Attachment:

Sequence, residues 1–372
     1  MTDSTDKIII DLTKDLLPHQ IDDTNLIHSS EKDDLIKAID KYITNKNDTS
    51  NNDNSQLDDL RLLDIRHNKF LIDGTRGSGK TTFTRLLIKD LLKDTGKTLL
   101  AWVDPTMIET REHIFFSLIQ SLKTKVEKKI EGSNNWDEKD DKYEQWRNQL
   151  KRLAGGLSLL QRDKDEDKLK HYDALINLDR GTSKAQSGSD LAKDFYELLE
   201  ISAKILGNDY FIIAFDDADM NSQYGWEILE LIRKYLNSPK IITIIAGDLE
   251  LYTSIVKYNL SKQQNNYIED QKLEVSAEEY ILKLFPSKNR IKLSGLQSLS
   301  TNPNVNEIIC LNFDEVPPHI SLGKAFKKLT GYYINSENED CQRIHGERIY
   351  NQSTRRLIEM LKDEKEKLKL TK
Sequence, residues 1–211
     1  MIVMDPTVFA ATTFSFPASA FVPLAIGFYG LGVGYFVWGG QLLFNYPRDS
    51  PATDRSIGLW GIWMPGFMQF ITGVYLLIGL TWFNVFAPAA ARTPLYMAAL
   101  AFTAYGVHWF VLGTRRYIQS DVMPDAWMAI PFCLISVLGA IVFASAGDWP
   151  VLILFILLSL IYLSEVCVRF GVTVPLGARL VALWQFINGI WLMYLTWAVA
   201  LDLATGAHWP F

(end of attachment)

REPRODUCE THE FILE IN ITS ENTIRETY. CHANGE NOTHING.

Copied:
Sequence, residues 1–372
     1  MTDSTDKIII DLTKDLLPHQ IDDTNLIHSS EKDDLIKAID KYITNKNDTS
    51  NNDNSQLDDL RLLDIRHNKF LIDGTRGSGK TTFTRLLIKD LLKDTGKTLL
   101  AWVDPTMIET REHIFFSLIQ SLKTKVEKKI EGSNNWDEKD DKYEQWRNQL
   151  KRLAGGLSLL QRDKDEDKLK HYDALINLDR GTSKAQSGSD LAKDFYELLE
   201  ISAKILGNDY FIIAFDDADM NSQYGWEILE LIRKYLNSPK IITIIAGDLE
   251  LYTSIVKYNL SKQQNNYIED QKLEVSAEEY ILKLFPSKNR IKLSGLQSLS
   301  TNPNVNEIIC LNFDEVPPHI SLGKAFKKLT GYYINSENED CQRIHGERIY
   351  NQSTRRLIEM LKDEKEKLKL TK
Sequence, residues 1–211
     1  MIVMDPTVFA ATTFSFPASA FVPLAIGFYG LGVGYFVWGG QLLFNYPRDS
    51  PATDRSIGLW GIWMPGFMQF ITGVYLLIGL TWFNVFAPAA ARTPLYMAAL
   101  AFTAYGVHWF VLGTRRYIQS DVMPDAWMAI PFCLISVLGA IVFASAGDWP
   151  VLILFILLSL IYLSEVCVRF GVTVPLGARL VALWQFINGI WLMYLTWAVA
   201  LDLATGAHWP F